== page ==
Five mistakes consumers make when buying auto insurance

Auto insurance policies contain a variety of required and optional coverages and deciding what your policy should cover and how much you should pay can be daunting. Here are five common mistakes consumers make:

  1. Buying only the legally required liability minimums
    While buying only the legally required liability minimums is arguably the cheapest option, it puts your assets (current and future) at considerable risk. In Pennsylvania, the minimum requirements are extremely low:

    • Bodily Injury Liability: $15,000/$30,000 – if you injure someone in an accident, this pays damages such as medical and rehabilitation expenses. $15,000 pays for one person, and $30,000 is the total available for one accident. Even a minor injury can run up bills of more than $15,000.
    • Property Damage Liability: $5,000 – if you damage someone’s car or property and you are at fault, this coverage pays for repairs. $5,000 will not cover the repair or replacement of many cars today.
    • The cost of additional liability limits is reasonable: buy them.
  2. Not having uninsured (UM) and underinsured motorist (UIM) coverage
    UM and UIM protects you, your family, and passengers in your vehicle against at-fault drivers who don’t have insurance or have low limits that do not cover your medical expenses. The insurance company will only pay out the amount purchased by the other driver.
    Be sure to add both UM and UIM.
  3. Not assessing the need for optional coverage
    Optional coverages are valuable, but they do add to the cost, so it’s best to assess what you need. Some popular selections include:

    • Collision — pays to repair damage to your car as a result of an accident.
    • Comprehensive – pays for theft or damage to your car from hazards such as fire, flood, vandalism, and striking an animal.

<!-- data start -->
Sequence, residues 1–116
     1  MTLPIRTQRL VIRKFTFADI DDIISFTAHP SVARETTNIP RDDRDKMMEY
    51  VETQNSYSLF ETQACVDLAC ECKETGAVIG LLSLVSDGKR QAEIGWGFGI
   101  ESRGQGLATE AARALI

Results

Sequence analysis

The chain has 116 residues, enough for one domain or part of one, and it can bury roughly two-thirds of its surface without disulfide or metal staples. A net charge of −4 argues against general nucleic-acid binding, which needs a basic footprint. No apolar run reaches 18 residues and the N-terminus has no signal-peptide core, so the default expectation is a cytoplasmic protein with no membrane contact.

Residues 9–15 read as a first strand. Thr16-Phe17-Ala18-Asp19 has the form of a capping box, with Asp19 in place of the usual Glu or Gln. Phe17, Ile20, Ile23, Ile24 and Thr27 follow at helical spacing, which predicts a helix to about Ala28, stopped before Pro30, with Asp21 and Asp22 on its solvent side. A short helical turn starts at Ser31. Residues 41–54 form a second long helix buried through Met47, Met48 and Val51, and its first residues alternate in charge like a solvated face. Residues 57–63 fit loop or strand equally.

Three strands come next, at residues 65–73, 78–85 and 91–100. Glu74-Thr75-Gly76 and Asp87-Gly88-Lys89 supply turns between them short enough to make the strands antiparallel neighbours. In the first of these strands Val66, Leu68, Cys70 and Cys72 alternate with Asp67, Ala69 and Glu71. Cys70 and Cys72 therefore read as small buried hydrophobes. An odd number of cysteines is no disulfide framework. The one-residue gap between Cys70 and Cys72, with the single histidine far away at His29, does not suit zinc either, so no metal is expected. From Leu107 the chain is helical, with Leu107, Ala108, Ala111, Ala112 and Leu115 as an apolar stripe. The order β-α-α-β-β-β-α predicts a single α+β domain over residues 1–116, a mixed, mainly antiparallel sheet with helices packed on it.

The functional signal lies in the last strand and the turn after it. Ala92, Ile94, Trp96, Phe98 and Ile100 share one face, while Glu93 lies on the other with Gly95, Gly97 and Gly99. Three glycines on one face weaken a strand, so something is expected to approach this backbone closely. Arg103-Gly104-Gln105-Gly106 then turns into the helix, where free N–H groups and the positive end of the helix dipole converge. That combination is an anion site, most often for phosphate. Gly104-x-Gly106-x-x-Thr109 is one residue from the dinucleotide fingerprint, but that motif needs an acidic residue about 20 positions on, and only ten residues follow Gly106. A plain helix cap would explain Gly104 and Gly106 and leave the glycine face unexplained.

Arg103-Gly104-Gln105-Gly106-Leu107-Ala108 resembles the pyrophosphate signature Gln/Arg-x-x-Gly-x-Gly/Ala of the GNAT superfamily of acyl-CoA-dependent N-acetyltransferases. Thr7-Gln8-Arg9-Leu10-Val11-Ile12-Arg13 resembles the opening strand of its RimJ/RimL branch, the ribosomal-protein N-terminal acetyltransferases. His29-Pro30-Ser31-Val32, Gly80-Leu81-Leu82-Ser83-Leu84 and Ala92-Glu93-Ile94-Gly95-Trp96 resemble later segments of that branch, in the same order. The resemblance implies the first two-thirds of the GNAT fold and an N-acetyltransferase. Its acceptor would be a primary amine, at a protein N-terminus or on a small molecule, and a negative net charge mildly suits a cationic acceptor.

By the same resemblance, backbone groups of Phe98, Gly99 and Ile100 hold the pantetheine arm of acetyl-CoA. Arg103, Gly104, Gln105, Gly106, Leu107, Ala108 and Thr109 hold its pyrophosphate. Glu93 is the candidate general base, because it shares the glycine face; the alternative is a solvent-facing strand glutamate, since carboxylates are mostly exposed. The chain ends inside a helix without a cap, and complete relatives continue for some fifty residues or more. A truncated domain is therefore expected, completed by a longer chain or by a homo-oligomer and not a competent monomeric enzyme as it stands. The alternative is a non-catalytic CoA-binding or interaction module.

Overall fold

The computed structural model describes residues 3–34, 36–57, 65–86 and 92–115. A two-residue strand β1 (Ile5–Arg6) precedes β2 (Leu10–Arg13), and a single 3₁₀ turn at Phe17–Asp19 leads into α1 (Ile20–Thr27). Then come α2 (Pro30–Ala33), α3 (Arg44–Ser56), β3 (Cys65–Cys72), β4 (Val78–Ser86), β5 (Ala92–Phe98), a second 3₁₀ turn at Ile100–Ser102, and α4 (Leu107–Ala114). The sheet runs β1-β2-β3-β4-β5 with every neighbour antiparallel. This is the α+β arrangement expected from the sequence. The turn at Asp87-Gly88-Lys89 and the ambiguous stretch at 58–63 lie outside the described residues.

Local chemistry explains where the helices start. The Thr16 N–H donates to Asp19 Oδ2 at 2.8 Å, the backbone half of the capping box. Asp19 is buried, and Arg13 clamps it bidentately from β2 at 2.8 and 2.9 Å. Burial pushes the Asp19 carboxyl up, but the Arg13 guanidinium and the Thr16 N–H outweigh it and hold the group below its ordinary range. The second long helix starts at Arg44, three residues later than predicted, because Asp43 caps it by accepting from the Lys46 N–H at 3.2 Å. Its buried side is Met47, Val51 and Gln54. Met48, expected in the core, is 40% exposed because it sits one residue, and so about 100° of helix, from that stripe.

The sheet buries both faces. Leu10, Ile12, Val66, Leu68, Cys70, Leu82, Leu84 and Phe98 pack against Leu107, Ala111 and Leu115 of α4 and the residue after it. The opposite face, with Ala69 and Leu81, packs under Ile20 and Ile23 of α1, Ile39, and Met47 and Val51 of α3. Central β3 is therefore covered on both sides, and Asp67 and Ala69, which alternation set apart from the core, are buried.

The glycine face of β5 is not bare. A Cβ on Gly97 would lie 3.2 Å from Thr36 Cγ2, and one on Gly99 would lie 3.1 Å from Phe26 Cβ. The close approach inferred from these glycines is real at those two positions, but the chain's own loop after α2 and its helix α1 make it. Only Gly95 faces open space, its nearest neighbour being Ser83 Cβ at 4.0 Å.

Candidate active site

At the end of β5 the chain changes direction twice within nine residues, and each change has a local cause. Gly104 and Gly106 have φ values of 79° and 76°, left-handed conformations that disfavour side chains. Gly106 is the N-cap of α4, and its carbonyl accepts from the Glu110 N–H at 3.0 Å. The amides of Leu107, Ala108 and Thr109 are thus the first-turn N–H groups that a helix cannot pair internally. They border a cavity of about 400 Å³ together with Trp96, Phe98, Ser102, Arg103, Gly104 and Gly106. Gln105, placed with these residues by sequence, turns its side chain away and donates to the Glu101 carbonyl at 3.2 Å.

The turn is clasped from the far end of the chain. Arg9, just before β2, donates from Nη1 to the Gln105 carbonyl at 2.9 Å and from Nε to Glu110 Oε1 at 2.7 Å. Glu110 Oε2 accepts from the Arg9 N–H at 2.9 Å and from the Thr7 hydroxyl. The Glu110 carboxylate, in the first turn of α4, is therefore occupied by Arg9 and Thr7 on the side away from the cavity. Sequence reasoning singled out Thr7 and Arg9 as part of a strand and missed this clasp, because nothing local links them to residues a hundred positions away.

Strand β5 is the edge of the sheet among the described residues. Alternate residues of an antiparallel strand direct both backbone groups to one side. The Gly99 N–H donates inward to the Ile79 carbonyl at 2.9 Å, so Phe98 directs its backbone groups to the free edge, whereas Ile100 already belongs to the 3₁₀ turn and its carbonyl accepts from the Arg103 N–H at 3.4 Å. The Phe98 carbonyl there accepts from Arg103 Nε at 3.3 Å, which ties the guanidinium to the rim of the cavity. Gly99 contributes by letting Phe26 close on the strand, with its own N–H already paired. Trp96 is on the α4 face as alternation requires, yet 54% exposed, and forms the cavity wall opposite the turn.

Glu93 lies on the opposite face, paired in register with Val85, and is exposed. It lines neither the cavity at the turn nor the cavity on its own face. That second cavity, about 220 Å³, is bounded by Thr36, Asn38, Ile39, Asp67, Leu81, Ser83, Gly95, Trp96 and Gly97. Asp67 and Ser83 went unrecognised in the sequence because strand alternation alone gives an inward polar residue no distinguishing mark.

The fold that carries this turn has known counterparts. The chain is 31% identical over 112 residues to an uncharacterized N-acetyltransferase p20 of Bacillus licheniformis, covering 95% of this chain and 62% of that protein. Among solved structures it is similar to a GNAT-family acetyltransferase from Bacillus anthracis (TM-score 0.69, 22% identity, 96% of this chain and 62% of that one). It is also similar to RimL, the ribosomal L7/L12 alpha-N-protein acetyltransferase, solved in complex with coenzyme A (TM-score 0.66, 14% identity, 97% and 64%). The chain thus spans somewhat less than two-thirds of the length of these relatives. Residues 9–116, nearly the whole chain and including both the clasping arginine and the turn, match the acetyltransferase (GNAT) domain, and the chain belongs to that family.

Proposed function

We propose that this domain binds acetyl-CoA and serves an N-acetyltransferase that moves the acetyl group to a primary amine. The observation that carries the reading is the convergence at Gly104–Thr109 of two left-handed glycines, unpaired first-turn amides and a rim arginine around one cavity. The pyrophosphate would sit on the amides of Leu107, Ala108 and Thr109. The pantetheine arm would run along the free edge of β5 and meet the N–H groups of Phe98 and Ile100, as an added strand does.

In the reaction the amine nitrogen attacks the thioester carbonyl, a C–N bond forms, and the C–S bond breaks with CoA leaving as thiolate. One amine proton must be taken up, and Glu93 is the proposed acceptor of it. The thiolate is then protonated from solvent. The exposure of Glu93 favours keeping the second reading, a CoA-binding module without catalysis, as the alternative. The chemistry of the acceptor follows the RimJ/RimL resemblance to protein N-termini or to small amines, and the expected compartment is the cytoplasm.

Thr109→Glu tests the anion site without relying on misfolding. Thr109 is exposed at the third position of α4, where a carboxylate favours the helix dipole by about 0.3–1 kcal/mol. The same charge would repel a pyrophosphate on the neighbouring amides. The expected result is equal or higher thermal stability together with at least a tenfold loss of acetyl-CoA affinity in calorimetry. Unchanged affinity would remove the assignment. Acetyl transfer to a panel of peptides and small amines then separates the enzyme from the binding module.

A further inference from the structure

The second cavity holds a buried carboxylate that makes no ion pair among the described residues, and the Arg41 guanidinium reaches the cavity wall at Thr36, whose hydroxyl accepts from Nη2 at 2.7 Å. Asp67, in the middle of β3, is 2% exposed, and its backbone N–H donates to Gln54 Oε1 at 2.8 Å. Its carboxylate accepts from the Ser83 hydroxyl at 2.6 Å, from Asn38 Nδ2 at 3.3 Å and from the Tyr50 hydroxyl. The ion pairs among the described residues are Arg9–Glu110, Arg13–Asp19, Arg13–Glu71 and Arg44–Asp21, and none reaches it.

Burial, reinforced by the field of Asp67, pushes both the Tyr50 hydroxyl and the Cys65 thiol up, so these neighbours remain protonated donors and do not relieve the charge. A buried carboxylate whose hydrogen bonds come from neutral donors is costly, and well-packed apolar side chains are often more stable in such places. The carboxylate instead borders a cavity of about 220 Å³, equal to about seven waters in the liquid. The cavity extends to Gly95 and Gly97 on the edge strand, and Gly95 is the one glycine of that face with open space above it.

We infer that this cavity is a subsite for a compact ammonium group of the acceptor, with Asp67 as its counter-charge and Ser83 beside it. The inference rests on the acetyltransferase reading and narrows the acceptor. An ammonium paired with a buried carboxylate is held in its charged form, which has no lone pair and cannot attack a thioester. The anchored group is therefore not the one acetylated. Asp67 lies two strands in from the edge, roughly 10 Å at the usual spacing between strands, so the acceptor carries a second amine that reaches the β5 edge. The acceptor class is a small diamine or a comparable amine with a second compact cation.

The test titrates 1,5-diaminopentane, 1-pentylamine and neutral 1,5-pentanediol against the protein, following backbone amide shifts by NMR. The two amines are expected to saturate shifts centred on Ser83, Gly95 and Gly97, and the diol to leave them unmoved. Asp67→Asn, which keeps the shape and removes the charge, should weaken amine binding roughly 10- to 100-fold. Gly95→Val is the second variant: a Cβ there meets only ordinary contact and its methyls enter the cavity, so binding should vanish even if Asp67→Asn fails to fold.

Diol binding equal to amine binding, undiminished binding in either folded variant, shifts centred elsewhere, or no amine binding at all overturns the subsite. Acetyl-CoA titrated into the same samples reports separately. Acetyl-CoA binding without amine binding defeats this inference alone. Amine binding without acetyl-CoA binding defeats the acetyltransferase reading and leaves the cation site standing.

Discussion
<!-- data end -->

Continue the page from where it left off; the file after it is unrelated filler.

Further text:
• GAP – Guaranteed Asset Protection pays the difference between an insurance company’s payment for a totaled vehicle and the balance of a loan on the vehicle.
    • Stacked vs. non-stacked uninsured/underinsured motorist liability – if you have several vehicles covered, you can combine the coverage limits for bodily injury for a minimal fee
    • Funeral benefits
    • Rental reimbursement
    • Towing coverage
    • Income loss
    • Medical payments
    • Physical damage on rented vehicles
    • Business use
    • Full glass coverage
    • Accidental death benefit
  4. Not knowing how to save
    Here are some smart ways to save on your policy costs:

    • Increase your deductible. The deductible is your out-of-pocket costs. Generally, the higher the deductible, the lower the premium.
    • For older, low-value cars, drop the collision and/or comprehensive coverage. Insurers will never pay out more than the vehicle’s cash value, less the deductible, so weigh this against the cost of the policy.
    • Maximize discounts. Insurance companies offer discounts for safe drivers, mature drivers, bundling with home insurance, good student discounts, paying in full, insuring more than one vehicle, low mileage, and others.
    • Full tort or limited tort. Full tort means you can sue other drivers for pain and suffering if you are injured in an accident. Limited tort, which is less expensive, does not allow you to sue, except in very limited situations. An auto accident can be life changing. Protect your right to sue by choosing full tort.
  5. Not updating coverage with life changes
    Getting married or divorced, having a child, a teen driver going to college, buying a new car, moving to a different neighborhood can have a significant impact on your coverage needs and costs.